The edict of the Word enjoins us, “Judge nothing before its time.” We all agree there are occasions when longevity and patience are both noteworthy and necessary for proper judgement. Yet, there are other times – times when delay can be disastrous.
How is that there are occasions when you just know. The secular world might call it intuition. In the church we could call it “the word of wisdom” or the “word of knowledge.” Something is seen or heard or felt – and instantly there is a witness in the spirit that this is either true and authentic or a forgery and a fraud. In today’s world it is so necessary to know when judgement should be crock-pot and when it should leap into the microwave world age.
I cannot tell you why there have been times when something looked real and sounded real – and was even saying the right things – but something in my spirit registered, “This is not right.” The Bible tells us to “try the spirits.” The emphasis is not simply to listen closely to the words but to discern the spirit in which the words are spoken. A man can say the right thing with the wrong spirit. In today’s world of spiritual forgery and charlatanism, we need the operation of the gifts of the Spirit and the five-fold ministry as never before. Diminished judgement in spiritual things is dangerous. Our mistakes can be eternal mistakes, not just temporal. Is this of God – even if it’s in embryonic stages – or is this the nemesis or a fraud?
Malcolm Gladwell who wrote The Tipping Point also wrote the now bestselling Blink. The book is just what its name infers. Its premise is that in a blink you know something – and accept it – or disdain it and reject it. The book is built around the attempt of a renown museum, financed by the oil mogul Getty, to purchase the Kouros. It’s simply a nude statue of a young Greek with his arms at his side and one leg stretching forward. It allegedly was hewn out of marble in the 5th or 6th century.
Strangely enough, many experts when they saw or heard of the statue in a blink called it a forgery. Thomas Hoving, who was at one time Director of the Metropolitan Museum of Art stated that the first word that came to his mind when he saw the statue was “fresh” – indicating that it had the appearance of being too new to be so old. Another expert, when he heard the museum was purchasing the Kouros said, “I’m so sorry to hear that.”
Gladwell said these experts took a look at that statue and some part of their brains did a series of instant calculations. Before any kind of conscious thought took place – they felt something. Did they know why they knew? Not at all. But still they knew.
Another expert said the statue was obviously a fake. Yet, none of these had time to thoroughly examine it. You would call it – in their world – the intuition of an expert. They could spot it in a blink.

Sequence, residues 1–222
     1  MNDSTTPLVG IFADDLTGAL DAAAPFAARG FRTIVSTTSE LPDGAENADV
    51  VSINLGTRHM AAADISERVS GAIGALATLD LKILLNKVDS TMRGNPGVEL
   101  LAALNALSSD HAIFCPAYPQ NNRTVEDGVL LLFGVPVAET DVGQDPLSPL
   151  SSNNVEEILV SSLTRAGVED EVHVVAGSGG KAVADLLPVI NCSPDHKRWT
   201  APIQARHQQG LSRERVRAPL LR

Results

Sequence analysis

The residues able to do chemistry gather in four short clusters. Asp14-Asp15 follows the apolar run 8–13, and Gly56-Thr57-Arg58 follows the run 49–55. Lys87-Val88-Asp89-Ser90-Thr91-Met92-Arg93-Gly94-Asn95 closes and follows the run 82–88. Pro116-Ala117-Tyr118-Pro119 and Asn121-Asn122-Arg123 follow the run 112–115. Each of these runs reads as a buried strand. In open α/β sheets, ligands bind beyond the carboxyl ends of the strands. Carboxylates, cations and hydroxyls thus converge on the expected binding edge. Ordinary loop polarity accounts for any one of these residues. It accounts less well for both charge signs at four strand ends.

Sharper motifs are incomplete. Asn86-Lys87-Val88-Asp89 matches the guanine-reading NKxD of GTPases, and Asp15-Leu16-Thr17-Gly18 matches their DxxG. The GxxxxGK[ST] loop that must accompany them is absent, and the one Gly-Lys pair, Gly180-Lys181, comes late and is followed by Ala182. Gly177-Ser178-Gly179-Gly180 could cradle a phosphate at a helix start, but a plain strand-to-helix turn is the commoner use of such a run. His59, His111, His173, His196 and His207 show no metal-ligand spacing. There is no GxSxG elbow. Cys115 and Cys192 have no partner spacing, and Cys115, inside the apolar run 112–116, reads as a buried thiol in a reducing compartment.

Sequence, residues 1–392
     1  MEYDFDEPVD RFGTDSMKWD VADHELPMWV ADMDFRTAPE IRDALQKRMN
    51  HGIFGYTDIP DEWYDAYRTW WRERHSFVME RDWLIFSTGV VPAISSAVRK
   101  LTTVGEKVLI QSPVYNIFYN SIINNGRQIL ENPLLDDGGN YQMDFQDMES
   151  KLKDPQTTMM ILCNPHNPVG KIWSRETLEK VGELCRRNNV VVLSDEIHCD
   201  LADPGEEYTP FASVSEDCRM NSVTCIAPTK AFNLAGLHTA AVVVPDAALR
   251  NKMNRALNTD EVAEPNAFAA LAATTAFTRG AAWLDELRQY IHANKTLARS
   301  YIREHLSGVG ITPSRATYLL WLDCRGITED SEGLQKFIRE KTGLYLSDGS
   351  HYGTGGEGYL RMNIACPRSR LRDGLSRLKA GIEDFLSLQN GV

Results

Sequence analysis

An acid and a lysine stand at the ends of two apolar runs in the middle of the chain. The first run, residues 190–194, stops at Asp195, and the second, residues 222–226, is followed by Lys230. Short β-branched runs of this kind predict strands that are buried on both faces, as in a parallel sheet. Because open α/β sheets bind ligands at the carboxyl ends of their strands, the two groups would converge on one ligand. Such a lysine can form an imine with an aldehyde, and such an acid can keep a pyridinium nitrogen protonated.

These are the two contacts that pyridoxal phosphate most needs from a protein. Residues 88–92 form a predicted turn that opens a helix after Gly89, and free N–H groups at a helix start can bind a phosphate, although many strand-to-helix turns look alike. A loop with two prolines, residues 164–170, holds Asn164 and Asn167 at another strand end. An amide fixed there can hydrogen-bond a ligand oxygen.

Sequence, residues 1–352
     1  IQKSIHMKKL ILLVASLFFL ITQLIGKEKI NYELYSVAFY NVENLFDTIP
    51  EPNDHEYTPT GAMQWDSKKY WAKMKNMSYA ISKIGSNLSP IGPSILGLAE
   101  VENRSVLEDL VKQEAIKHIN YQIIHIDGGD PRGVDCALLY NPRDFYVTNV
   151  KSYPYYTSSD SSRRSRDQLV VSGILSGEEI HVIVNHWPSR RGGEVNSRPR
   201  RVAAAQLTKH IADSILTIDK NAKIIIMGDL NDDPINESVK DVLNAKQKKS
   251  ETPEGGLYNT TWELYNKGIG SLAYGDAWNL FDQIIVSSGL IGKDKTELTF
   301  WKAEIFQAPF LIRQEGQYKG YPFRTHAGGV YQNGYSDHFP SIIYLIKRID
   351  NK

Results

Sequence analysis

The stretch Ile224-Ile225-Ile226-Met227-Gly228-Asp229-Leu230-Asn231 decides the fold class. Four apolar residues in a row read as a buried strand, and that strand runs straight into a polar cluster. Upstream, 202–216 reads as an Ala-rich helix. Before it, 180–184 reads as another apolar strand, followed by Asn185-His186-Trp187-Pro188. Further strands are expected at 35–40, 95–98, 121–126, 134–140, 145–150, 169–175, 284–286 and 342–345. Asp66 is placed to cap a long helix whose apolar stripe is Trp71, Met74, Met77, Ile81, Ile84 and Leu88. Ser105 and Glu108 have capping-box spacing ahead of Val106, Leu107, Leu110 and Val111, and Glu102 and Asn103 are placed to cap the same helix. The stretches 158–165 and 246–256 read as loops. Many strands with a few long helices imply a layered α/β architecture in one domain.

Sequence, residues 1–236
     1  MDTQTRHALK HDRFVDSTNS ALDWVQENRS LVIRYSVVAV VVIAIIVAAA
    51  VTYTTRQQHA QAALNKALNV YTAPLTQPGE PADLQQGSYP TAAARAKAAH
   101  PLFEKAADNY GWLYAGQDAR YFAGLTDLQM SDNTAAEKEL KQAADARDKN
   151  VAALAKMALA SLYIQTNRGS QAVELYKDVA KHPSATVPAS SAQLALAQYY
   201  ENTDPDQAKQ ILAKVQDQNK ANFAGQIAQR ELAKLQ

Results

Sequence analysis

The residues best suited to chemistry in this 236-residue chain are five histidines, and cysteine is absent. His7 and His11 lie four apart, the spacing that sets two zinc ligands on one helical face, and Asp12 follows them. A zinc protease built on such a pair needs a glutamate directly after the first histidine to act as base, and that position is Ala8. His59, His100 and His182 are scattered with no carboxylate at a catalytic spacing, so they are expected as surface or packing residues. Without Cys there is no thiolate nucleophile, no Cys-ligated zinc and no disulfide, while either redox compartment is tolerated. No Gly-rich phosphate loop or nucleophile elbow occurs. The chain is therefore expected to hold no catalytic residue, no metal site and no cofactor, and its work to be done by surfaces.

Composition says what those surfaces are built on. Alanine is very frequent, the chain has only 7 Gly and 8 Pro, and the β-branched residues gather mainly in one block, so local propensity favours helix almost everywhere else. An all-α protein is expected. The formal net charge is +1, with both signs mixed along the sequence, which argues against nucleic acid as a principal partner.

Do we have that kind of discernment in the spiritual world? Ten million dollars was at stake in this statue. Was it real or not? The Museum has decided to go ahead and display it when the Getty’s new exhibit hall is opened. The statue will bear this inscription: “It is either a product of about 530 B.C. or a modern forgery.” It’s simply a way of saying, “We don’t know for sure.”
A ten million dollar mistake is one thing – but an eternal mistake is another. There are times when in the spirit immediate judgement is necessary. There are other times when it must incubate. The apostolic ministry must make room for both. There’s a great difference between “Agree with the adversary while you are in the way…” and “Lay hands suddenly on no man.” Yet, they are both scriptural. I plead again for a resurgence of faith and authority in the five-fold ministry. If judgement immediate and in longevity was needed among the early apostles, it is more so needed today.
A case in point was the demon-possessed woman at Philippi. Paul had gone into Macedonia with a direct word from the Lord – a vision. And, not only that, the disciples assuredly gathered that the Lord had called them to go. He not only had direct communication from the Lord but filtered that through the apostolic authority at Troas. When he arrived he found a group of women by the river in a prayer meeting. Then he found a certain damsel. The scripture said, “The damsel followed them for many days saying, ‘These men are the servants of the Most High God which show us the way of salvation.’” What she was saying was true. Paul did not execute instant judgement. He waited many days and then he discerned.
The Bible said she had a spirit of divination. This is the only place in the New Testament the word Python is used. She had the spirit of Python. Python was a legendary Greek mythical serpent that fought with the Greek god Apollo. The word was actually used as a synonym for a ventriloquist. Paul discerned that the words coming from the woman did not have their source in the woman. She was literally voicing a spirit from an agent of hell. The devil began as a serpent in the Garden. He had grown to Python in Acts. But ended up a dragon in Revelation. He is ever-increasing in knowledge. He knows more about the church today than he did two thousand years ago.